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Revisiting 'Ratcatcher' Lynne Ramsay's complex portrait of pre-millennium Scotland


The complexity of the Scottish filmmaker Lynne Ramsay can often go unnoticed, simmering beneath the surface, susceptible to study by only those who wish to find it. With unique hard-hitting visual creativity and a distinct emotional density, Ramsay imbues every one of her films with rich purpose and profound intelligence that seems to defy the limits of the film itself.

Though her recent efforts of You Were Never Really Here for Amazon and We Need to Talk About Kevin starring Tilda Swinton took Ramsay to new heights, they detoured from her usual preoccupation with her home country, Scotland. 

Capturing the country’s fragile beauty through films of meticulous emotion, it is clear Ramsay has a passion for her home, analysing the area with poetic curiosity. This can be illustrated as far back as her short film debut of Small Deaths, showing small vignettes of a girl’s life that profoundly impact her development. Vivid and vibrant, Ramsay contrasts the viridescent hills of the Scottish countryside with a drab domestic life, as a seemingly unstoppable order of events consistently corrupts the protagonist’s life. 

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Carrying an almost ethereal quality that draws attention to moments that chip away at one’s childhood innocence, this is continued in the Cannes-winning short film Gasman, demonstrating a tale of confusion for a young girl who discovers that her father is having an affair. Seen from the child’s point of view, this strange new discovery is illustrated as scary, strange and bizarre, a dark fantasy in comparison to her previous life of simplicity.

Harsh and challenging, the Scottish landscape that Ramsay presented for her young characters was one that seized their livelihoods and greyscaled their lives to the point that their childhood was condensed and forced to adapt. This image became more rounded upon the release of her coming of age masterpiece, Ratcatcher, in 1999, demonstrating hope and despair in late 20th century Scotland.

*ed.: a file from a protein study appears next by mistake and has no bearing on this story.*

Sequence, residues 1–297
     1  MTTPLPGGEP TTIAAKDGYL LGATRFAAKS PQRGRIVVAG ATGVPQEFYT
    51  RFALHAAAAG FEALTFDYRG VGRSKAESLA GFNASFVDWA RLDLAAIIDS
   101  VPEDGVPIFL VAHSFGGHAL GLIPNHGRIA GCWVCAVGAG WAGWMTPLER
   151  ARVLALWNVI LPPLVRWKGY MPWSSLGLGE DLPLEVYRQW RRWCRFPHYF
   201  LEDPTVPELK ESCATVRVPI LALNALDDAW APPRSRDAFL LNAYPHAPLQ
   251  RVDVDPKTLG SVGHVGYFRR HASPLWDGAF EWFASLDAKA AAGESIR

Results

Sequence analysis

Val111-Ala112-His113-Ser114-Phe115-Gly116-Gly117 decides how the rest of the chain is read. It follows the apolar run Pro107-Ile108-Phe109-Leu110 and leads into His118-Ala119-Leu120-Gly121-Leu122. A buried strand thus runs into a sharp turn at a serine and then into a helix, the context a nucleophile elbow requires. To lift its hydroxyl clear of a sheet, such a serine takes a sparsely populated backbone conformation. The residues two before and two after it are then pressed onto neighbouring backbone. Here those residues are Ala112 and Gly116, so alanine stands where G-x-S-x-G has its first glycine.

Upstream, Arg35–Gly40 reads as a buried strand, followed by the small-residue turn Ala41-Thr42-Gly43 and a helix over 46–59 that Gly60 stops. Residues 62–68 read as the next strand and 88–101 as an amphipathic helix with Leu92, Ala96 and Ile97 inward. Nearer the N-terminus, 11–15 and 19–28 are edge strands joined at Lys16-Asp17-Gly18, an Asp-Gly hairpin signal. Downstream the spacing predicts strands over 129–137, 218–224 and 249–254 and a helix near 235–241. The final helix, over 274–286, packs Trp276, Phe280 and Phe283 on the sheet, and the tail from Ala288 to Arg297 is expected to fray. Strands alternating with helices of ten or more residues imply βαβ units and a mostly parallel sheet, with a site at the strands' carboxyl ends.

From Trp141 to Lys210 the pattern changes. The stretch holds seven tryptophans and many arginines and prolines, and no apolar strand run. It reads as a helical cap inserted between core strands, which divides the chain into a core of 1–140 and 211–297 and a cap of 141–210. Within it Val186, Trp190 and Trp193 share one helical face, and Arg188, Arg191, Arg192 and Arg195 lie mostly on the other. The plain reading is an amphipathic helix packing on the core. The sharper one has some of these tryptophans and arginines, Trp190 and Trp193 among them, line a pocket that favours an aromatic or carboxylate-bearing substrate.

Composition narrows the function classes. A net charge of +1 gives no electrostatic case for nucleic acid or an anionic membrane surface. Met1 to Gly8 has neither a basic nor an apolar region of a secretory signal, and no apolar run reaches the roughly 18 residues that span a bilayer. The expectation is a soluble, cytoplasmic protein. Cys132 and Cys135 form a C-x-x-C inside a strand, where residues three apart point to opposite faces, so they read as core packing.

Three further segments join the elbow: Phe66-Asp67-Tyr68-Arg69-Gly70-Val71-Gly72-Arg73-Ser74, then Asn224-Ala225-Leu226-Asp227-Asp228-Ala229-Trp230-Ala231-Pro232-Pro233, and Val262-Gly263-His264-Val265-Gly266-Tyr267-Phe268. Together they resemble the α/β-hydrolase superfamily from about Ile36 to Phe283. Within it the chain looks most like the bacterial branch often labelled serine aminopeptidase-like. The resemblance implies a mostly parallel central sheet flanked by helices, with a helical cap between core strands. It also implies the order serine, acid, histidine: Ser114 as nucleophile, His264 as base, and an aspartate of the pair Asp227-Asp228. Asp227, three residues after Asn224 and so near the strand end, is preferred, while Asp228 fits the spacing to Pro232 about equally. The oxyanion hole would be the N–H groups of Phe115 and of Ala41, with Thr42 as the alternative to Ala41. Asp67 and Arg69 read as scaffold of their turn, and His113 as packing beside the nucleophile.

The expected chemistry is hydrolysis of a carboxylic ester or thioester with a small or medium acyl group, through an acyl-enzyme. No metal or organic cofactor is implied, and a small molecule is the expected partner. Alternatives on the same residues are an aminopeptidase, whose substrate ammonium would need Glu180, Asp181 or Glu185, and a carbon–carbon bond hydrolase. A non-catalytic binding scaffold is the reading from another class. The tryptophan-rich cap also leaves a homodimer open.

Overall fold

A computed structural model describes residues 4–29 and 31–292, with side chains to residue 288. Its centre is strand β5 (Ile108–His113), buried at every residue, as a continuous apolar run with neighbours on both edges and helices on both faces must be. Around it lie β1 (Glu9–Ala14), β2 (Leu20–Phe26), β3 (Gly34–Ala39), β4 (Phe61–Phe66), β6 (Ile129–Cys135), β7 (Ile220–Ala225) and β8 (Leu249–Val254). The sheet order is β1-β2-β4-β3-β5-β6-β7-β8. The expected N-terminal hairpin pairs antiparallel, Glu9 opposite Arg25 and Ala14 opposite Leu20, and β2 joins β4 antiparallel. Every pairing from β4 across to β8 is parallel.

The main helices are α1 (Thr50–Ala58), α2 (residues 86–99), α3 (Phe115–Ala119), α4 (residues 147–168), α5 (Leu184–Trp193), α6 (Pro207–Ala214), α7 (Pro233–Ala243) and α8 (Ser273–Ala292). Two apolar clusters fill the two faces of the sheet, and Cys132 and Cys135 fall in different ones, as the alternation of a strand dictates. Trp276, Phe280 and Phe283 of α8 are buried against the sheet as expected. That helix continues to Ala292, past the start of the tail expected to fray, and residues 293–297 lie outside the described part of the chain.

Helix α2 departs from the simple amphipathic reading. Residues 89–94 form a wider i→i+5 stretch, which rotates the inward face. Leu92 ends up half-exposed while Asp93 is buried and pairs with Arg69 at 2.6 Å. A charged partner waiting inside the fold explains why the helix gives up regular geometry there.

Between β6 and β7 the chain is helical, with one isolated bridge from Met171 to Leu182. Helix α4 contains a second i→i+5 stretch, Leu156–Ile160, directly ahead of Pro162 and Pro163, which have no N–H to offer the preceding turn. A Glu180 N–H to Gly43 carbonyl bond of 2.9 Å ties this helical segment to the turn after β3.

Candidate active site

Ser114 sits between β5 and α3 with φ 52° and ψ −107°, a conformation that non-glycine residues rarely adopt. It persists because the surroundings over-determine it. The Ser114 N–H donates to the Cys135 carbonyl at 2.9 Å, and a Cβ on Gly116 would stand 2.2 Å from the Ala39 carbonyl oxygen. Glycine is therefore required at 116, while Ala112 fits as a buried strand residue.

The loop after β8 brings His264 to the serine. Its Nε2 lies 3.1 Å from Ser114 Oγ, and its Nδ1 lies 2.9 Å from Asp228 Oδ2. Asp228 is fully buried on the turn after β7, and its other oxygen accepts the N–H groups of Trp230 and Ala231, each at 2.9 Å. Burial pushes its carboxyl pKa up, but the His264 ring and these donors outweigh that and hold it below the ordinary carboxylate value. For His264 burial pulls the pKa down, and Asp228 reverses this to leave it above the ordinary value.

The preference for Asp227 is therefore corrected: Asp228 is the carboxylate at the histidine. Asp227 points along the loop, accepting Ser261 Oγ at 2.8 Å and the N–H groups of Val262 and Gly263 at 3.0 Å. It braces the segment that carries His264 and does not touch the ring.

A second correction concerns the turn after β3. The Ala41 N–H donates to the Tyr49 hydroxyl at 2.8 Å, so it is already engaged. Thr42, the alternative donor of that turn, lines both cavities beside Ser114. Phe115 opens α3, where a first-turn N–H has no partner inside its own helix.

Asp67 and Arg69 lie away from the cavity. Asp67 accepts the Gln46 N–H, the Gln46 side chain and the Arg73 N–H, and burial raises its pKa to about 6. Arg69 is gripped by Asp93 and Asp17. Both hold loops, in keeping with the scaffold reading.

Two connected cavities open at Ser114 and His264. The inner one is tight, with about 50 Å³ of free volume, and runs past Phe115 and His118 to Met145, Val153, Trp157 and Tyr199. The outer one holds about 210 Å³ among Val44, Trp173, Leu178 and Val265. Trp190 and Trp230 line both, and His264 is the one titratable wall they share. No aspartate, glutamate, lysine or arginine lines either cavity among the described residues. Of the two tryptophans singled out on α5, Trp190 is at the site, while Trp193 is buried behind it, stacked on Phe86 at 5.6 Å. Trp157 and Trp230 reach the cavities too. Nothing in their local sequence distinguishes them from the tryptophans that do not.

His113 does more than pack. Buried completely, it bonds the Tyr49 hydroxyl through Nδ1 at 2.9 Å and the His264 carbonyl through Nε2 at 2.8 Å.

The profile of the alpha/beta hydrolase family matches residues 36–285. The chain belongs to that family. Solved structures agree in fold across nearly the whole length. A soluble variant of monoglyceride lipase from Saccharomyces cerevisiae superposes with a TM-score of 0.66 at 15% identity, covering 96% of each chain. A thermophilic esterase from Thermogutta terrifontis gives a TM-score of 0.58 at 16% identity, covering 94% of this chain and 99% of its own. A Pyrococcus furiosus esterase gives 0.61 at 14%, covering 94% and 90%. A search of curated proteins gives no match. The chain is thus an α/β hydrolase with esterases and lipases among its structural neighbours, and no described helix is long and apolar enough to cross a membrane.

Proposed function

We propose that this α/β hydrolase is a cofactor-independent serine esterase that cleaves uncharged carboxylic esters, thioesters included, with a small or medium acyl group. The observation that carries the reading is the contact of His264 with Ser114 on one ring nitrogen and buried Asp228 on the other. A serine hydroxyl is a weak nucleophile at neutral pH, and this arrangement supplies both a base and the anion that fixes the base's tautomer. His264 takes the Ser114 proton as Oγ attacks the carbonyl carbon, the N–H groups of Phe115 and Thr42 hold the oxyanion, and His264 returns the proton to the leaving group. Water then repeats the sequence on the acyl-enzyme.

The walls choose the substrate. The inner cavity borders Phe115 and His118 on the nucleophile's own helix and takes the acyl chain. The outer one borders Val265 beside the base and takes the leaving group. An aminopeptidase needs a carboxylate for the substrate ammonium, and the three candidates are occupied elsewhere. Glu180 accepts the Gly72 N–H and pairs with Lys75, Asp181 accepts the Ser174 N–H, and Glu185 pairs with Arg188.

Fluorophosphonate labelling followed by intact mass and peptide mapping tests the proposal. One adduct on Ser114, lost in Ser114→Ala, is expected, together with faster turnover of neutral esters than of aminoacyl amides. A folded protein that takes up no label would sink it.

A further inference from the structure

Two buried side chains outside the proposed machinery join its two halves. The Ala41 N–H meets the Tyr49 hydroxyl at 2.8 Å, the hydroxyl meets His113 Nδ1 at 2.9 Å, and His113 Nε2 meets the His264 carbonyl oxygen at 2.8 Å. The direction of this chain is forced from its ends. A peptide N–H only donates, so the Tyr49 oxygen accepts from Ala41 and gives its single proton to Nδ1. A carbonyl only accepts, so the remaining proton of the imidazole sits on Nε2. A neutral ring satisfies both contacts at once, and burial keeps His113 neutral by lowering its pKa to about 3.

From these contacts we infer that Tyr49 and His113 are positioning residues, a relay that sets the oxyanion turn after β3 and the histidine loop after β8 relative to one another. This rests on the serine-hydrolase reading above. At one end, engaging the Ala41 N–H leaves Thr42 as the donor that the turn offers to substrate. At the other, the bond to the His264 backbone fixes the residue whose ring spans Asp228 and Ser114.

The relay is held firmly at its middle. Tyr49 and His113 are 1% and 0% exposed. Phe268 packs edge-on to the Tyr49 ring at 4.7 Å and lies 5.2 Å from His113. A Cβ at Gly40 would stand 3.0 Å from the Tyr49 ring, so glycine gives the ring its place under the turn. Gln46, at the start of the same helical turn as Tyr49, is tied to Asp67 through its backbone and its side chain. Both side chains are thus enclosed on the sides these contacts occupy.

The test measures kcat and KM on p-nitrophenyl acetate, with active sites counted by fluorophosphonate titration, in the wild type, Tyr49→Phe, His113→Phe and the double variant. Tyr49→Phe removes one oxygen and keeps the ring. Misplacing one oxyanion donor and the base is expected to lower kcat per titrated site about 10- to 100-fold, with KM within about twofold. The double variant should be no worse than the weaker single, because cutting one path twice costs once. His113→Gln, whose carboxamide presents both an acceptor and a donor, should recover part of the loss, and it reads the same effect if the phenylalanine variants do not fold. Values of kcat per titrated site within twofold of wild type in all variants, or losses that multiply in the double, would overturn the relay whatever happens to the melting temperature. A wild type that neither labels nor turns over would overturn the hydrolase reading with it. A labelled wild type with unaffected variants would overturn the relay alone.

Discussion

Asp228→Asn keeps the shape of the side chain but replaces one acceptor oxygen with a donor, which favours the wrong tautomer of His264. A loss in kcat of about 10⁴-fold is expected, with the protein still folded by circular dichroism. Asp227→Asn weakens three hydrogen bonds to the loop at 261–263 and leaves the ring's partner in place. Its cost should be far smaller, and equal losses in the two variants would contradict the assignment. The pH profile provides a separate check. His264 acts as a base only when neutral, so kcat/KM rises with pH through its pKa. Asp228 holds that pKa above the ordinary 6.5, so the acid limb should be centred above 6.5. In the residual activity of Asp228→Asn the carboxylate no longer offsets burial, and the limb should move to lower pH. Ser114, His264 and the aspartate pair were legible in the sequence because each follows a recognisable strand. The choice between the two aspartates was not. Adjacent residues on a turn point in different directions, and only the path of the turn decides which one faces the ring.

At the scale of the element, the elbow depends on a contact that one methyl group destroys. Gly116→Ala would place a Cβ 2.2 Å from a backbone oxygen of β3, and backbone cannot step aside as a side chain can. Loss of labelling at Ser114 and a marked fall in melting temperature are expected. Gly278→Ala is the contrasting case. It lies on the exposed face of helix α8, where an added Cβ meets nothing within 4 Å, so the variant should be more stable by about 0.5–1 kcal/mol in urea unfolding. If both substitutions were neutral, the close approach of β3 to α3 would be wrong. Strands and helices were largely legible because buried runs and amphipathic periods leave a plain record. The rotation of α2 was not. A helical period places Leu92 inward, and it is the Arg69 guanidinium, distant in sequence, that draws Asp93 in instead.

Set in Glasgow during the 1970s, the landscape that Ramsay orchestrates is a bleak one, reflecting the realities of those living in the Scottish city who had to survive often without running water or proper bathing facilities. It is a city in disrepair, hindered by a recent binman strike that results in multiple refuse sacks being littered in alleyways and street corners acting as a visual reminder of the locations impending invisibility. 

With the world around him breaking down, we follow the everyday life of James (William Eadie) who witnesses the accidental death of his friend at the very start of the film and wrestles with his consciousness throughout the rest of the film. A poetic journey of the experience of grief from a protagonist who can not yet bear its weight, Ratcatcher is a nuanced drama that uses stunning, hallucinatory camerawork and uses of magical realism to excavate the mind of its subject.

Juxtaposing hope and stark reality, much like Small Deaths and Gasman, the protagonist of Ratcatcher explores a nearby housing programme and discovers a golden field of crops, running through the heavenly vista in a strange moment when reality meets the dream world. Searching for escape as his own community melts into the muddy banks of the dark Glaswegian water, Ratcatcher’s young protagonist finds a world of hope in a psychological headspace of optimism. 

Despite such stories of trepidation, fear and adolescent dread, Ramsay’s moral tales share a longing hope of optimism where personal agency allows characters to free themselves from such social restraints. The Scottish landscape she presents isn’t inspiring, neither is it particularly wholesome, but it is a land of opportunity, where any individual can make what they choose of their intricate lives.